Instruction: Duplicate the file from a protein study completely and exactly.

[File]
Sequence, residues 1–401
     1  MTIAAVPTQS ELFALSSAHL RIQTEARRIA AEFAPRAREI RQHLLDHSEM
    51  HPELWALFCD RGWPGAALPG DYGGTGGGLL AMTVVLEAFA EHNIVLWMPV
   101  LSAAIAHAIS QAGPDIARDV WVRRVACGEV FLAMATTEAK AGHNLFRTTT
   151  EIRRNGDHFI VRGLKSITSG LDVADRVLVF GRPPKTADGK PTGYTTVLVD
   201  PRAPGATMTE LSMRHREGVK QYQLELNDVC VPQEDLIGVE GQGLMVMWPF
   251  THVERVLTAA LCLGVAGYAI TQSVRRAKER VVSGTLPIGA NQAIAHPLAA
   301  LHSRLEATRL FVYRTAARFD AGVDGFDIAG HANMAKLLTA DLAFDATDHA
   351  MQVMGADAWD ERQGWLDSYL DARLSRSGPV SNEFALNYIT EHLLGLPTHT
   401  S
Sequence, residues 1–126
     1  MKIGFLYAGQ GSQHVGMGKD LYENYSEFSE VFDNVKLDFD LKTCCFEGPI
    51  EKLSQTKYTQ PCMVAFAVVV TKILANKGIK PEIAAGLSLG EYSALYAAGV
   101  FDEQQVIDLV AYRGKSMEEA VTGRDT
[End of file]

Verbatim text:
Sequence, residues 1–401
     1  MTIAAVPTQS ELFALSSAHL RIQTEARRIA AEFAPRAREI RQHLLDHSEM
    51  HPELWALFCD RGWPGAALPG DYGGTGGGLL AMTVVLEAFA EHNIVLWMPV
   101  LSAAIAHAIS QAGPDIARDV WVRRVACGEV FLAMATTEAK AGHNLFRTTT
   151  EIRRNGDHFI VRGLKSITSG LDVADRVLVF GRPPKTADGK PTGYTTVLVD
   201  PRAPGATMTE LSMRHREGVK QYQLELNDVC VPQEDLIGVE GQGLMVMWPF
   251  THVERVLTAA LCLGVAGYAI TQSVRRAKER VVSGTLPIGA NQAIAHPLAA
   301  LHSRLEATRL FVYRTAARFD AGVDGFDIAG HANMAKLLTA DLAFDATDHA
   351  MQVMGADAWD ERQGWLDSYL DARLSRSGPV SNEFALNYIT EHLLGLPTHT
   401  S
Sequence, residues 1–126
     1  MKIGFLYAGQ GSQHVGMGKD LYENYSEFSE VFDNVKLDFD LKTCCFEGPI
    51  EKLSQTKYTQ PCMVAFAVVV TKILANKGIK PEIAAGLSLG EYSALYAAGV
   101  FDEQQVIDLV AYRGKSMEEA VTGRDT